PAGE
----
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Dalit Teachers and India

Posted on Wednesday, June 22nd, 2011

I met my first Dalits when we arrived in Delhi and inherited a staff from my predecessor that included a Hindu bearer, Sadari-lal; two nannies, Kahn Debbie and Mary—both from the Kasai tribe of Assam, a chowkidar, or night watchman, and two outside sweepers. The latter were Dalits, Outcastes, or Untouchables, whatever term you prefer. They were responsible for sweeping clutter from our driveway and the path to our single-level home – six rooms or so – and the two storey servants quarters nestled in the rear, alongside the single car garage.

The Dalit outside sweepers were present daily, but we didn’t have much interaction. However, I remember once asking them through Sadari-lal to purchase wood for our fireplace in preparation for a dinner party that evening. They returned with a huge pile of dried water buffalo chips. Not confident what the smell of the chips burning in-doors would do, I decided not to risk the consequences and gave them the chips for their own fire. They were most appreciative and I always suspected that the selection of buffalo chips was deliberate, as was the expected result.

The next Dalit in my life was a priest at the small Indian church we attended, who informed me that his family was from the untouchable caste. At a time when the holy mass in the home was popular, that is, after Vatican II, he asked if we would be willing to host a mass at our home. I wondered aloud whether that was sensible since the poor folks attending would see a rather elegant home. Without a pause, he stated that it was important for poor to see that even the rich can be saved. We hosted the mass.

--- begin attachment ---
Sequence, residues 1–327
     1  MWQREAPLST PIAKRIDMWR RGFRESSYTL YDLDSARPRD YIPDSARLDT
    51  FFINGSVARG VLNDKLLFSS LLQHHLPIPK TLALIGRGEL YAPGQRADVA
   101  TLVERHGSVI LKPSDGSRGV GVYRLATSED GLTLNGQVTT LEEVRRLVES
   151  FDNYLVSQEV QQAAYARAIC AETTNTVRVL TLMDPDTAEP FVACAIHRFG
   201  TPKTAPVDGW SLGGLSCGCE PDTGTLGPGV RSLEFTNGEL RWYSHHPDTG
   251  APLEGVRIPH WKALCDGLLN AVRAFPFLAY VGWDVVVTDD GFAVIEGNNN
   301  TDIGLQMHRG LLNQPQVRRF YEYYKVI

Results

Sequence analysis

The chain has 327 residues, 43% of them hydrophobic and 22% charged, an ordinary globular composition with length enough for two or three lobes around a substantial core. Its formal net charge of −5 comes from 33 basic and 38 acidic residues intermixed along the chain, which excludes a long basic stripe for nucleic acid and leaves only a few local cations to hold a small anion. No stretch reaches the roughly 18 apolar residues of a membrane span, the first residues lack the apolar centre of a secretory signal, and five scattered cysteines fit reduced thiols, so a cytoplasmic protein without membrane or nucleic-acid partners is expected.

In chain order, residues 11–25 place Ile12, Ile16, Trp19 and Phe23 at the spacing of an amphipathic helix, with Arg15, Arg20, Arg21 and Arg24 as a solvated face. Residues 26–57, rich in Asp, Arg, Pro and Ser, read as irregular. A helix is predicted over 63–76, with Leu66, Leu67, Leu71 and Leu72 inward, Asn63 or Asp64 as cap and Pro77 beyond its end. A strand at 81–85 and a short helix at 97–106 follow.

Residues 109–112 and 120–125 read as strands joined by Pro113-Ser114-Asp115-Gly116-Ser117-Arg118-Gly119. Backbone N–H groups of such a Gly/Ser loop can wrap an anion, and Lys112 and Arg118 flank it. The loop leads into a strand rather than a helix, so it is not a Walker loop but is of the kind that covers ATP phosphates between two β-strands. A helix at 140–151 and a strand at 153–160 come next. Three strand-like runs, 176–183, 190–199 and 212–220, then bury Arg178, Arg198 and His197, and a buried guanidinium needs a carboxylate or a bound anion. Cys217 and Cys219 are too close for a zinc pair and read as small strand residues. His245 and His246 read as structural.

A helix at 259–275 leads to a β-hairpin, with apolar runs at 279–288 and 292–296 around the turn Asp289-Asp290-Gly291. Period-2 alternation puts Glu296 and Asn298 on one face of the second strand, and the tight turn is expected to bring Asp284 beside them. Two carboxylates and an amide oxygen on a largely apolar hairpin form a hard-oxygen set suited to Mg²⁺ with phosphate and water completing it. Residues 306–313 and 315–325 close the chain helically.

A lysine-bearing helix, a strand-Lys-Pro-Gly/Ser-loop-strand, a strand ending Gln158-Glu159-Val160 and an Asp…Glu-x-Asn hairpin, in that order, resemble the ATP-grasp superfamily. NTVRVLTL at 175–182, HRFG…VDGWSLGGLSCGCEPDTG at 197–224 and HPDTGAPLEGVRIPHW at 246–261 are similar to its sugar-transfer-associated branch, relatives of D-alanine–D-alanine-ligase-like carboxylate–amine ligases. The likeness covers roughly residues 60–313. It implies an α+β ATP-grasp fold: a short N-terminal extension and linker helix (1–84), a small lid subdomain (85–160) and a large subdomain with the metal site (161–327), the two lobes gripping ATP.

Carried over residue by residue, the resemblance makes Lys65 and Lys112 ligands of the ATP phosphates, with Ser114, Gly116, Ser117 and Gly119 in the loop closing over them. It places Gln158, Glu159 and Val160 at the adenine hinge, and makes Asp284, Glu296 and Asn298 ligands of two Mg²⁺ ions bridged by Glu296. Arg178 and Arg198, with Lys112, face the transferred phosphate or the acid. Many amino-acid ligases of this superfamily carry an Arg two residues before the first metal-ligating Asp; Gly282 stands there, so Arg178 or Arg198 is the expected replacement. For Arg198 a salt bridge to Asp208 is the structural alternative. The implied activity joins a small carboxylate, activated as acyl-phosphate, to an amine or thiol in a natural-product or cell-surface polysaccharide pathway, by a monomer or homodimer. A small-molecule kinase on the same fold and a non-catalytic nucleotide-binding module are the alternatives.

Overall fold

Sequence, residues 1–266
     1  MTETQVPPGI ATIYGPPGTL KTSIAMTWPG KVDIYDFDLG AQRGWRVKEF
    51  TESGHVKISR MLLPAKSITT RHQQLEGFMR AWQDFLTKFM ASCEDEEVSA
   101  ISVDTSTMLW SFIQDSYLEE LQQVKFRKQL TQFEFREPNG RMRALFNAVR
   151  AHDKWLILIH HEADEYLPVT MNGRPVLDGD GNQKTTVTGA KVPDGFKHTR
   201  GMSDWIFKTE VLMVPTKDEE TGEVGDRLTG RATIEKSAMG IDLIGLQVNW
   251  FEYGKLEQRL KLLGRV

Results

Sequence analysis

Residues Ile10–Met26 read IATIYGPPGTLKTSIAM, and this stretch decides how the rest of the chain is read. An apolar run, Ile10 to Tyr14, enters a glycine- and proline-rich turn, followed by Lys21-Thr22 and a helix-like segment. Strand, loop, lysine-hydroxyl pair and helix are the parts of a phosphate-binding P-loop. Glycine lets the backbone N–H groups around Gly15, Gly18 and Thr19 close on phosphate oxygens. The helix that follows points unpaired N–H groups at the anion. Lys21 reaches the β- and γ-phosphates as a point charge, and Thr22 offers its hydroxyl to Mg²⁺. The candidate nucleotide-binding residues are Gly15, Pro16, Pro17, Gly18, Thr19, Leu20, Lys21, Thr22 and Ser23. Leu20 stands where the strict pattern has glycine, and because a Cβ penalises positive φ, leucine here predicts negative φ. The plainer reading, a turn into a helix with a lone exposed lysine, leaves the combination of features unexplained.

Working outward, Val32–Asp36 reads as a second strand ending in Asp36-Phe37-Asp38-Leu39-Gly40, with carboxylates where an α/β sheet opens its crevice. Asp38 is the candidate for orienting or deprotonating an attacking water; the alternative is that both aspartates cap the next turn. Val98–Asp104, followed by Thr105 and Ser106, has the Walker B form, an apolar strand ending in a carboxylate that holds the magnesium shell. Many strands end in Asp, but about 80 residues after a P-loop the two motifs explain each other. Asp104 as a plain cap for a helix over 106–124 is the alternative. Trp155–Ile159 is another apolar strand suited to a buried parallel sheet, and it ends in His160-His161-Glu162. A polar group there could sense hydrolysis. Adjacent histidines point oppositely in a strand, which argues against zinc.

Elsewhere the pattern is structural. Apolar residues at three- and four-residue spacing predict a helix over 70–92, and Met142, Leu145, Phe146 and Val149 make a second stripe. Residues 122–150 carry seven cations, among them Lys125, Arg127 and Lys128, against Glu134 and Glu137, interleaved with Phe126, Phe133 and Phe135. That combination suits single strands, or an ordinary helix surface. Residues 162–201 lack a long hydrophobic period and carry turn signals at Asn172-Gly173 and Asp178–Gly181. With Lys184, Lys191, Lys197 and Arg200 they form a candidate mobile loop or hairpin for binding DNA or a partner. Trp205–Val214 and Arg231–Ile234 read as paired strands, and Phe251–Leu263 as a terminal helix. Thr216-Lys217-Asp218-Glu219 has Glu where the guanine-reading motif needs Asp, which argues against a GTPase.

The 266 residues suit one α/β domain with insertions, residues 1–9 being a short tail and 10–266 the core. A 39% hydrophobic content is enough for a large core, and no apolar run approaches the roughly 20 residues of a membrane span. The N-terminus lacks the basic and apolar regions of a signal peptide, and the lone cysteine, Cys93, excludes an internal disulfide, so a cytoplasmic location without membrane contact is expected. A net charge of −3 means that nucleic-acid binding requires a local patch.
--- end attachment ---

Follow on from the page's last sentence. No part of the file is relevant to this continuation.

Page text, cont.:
The next Dalits we encountered were those on the brink of death in Mother Teresa’s Home for the Destitute and Dying. My wife and I participated in a church project to white wash the walls of this modest house that could accommodate six or so Dalits in the last six or so days of their lives. No conversions were administered, simply care and love ministered in their final hours.

It was during regular visits to Mother Teresa’s orphanage located in north Delhi that my wife especially and I observed Dalit children—orphans. It was here that we were to find our daughter, then two years old, among rows of children watching alertly at the visitors to their crowded rooms. The little girl was desperately ill when we took her into our home, first as a legal guardian—adoptions were not allowed in India—and then legally adopted her when we returned to the U.S.

Recently, I invited two Dalits to my home in Virginia Beach—they were attending a conference in Boston that promoted peace—First Do No Harm. See this link for more information:

http://www.cdainc.com/cdawww/project_profile.php?pid=DNH&pname=Do%20No%20Harm

One of the Dalits was an assistant pastor in a Christian church, the other a PhD. in social justice, both residing in Chennai (formerly Madras) which incidentally is where Doubting Thomas was martyred in the first century. Both are committed to peace, finding compatible goals to bring together peoples and cultures that are isolated in their enmity and hatred. Not an easy mission, but one undertaken by these fellows with love, compassion, joy, listening, and service.

Able to delve in the depths of human experience and longing, we shared our journeys as if we had known each other since youth. (See www.cornerstonetrust.in for more information on their mission.) In these Dalit teachers, it was confirmed to me that only those who have grieved can experience joy unbounded, only from openness—shedding sometimes unnoticed prejudices—can we encounter truth, only in listening can we quiet our internal babble, and only in laughter do we reflect the divine in the glint of holiness and even innocence.

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